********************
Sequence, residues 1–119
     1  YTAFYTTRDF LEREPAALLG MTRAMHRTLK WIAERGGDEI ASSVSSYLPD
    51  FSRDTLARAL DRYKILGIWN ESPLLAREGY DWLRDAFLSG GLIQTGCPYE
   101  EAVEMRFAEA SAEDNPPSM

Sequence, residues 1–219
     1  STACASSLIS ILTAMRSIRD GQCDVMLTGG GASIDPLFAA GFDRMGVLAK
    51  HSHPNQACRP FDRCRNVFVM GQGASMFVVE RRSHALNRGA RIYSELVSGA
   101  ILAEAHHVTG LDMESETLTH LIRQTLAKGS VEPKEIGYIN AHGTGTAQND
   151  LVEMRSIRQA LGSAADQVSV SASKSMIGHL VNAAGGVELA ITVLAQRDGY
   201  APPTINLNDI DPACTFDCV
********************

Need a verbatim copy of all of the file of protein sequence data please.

Sequence, residues 1–119
     1  YTAFYTTRDF LEREPAALLG MTRAMHRTLK WIAERGGDEI ASSVSSYLPD
    51  FSRDTLARAL DRYKILGIWN ESPLLAREGY DWLRDAFLSG GLIQTGCPYE
   101  EAVEMRFAEA SAEDNPPSM

Sequence, residues 1–219
     1  STACASSLIS ILTAMRSIRD GQCDVMLTGG GASIDPLFAA GFDRMGVLAK
    51  HSHPNQACRP FDRCRNVFVM GQGASMFVVE RRSHALNRGA RIYSELVSGA
   101  ILAEAHHVTG LDMESETLTH LIRQTLAKGS VEPKEIGYIN AHGTGTAQND
   151  LVEMRSIRQA LGSAADQVSV SASKSMIGHL VNAAGGVELA ITVLAQRDGY
   201  APPTINLNDI DPACTFDCV